The upstairs gallery is dedicated to the work of André Maire, a committed traveller from Marseille.  He produced sepia sketches from countries such as India, Vietnam and Cambodia, as well as much larger and more colourful works which combine elements of each country into a composition.  So you get not so much a view of Cambodia, as a composite of Asian vegetation, an elephant, a Buddha, perhaps a local girl.  Til 27th May. More here: http://www.museeregardsdeprovence.com/exposition/voyages-dandre-maire

This upstairs gallery is a lovely sunny space and it is always a pleasure to watch the boats across the road – yesterday two were setting off to Corsica and Algeria. Of course there is a roof-top restaurant and terrace café with similar views – and there’s a good shop downstairs with all manner of temptation.

Read Full Post »

I wouldn’t normally post something so far ahead but in this case, quick bookings seem sensible.

The tourist office at Gardanne has organised a programme of visits, Indus3Days, running from 17th-25th February.

It is really wide ranging.  There are opportunities to go behind the scenes at the new Arena, the Grand Théatre de Provence and France Bleu Provence. (more…)

Read Full Post »

…except in Paris there isn’t a handy quarry so they have adapted a nineteenth-century iron foundry to convert into a massive space for projecting moving images along with themed music.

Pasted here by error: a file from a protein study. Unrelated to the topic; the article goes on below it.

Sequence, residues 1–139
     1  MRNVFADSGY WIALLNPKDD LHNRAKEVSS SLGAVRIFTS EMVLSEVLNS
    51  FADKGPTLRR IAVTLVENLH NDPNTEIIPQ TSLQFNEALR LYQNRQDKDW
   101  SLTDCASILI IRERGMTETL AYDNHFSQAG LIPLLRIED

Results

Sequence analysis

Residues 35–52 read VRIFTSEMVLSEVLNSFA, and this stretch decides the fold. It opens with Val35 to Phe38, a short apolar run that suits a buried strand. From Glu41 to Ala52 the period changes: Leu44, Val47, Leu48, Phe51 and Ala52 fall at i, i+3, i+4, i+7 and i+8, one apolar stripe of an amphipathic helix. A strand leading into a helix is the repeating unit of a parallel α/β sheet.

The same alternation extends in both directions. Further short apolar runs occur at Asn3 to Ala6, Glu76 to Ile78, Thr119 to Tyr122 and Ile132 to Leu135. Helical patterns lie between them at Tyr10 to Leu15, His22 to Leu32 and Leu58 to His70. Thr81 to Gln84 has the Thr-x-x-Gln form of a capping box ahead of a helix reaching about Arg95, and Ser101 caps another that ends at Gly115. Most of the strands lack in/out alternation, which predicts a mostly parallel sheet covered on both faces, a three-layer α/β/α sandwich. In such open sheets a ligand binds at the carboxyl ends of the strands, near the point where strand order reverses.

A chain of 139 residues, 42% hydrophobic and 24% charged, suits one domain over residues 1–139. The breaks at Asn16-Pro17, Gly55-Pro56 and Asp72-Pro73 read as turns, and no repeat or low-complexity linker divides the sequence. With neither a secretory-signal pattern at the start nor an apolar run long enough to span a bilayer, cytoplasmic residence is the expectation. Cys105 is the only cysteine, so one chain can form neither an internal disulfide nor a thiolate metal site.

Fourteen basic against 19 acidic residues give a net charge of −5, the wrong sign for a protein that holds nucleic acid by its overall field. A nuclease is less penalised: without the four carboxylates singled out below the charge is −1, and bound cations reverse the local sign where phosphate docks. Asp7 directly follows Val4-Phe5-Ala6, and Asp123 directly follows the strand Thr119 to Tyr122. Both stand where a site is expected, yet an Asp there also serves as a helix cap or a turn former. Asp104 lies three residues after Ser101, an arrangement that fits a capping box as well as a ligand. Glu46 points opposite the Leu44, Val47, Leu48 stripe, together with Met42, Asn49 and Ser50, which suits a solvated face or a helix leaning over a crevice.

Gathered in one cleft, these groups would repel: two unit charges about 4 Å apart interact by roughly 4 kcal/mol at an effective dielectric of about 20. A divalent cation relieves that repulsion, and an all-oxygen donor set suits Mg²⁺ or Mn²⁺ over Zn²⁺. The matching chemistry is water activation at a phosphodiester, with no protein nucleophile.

It is being morphed from this:

(more…)

Read Full Post »

As most of you living in and around Aix will know, the region has long been associated with Mary Magdalene the companion of Jesus who, according to legend, was driven out of Palestine during early Christian persecutions.  She was expelled together with other saints in a boat without sails which pitched up at Stes-Maries-de-la-Mer in the Camargue.  After preaching around Marseille, she came to the Sainte-Baume mountain where she lived and worshipped in a cave.

Remains believed to be those of Mary Magdalene rest in the crypt  of the basilica at Saint-Maximin.  They intrigue all who visit them, and now two French scientists have used computer modelling of the skull and facial recognition technology to create a picture of the person. (more…)

Read Full Post »

The former convent and college des Precheurs in Aix centre ville has been sold for 11.5 million euros to house an extensive collection of Picasso’s works – paintings, ceramics, sculptures – 2,000 in all.

 

The Musée Jacqueline et Pablo Picasso will be the third museum in France to be dedicated to the artist, after Paris and

           Jacqueline and Pablo Picasso

Antibes.

At 4600m2, it will be three-storeys high and, as well as the collection, will include:

  • space for temporary exhibitions
  • a 200-seat auditorium
  • a documentation centre dedicated to the artist
  • a pottery workshop for the public.

The objective is to attract 500,000 visitors a year, that’s 1,500 a day ….and that’s where opponents of the scheme are raising objections. The ‘Democratie pour Aix’ group have pointed out that vehicular access will be difficult in this newly-pedestrianised site, with little parking available nearby; that the large market which runs outside three times a week must be considered; and that an underground auditorium could have a destablising effect on neighbouring buildings especially given that they are built on clay.

I hope they can make it work as this historical building is lovely and the collection would be an internationally-significant attraction for the town. It is currently being used as an info-point for the archaeological dig going on outside, so why not take the opportunity to go in for a look around before the transformation begins? It’s supposed to be open Mondays 9-12, Wednesdays and Fridays 14-17hrs.

Read Full Post »

Older Posts »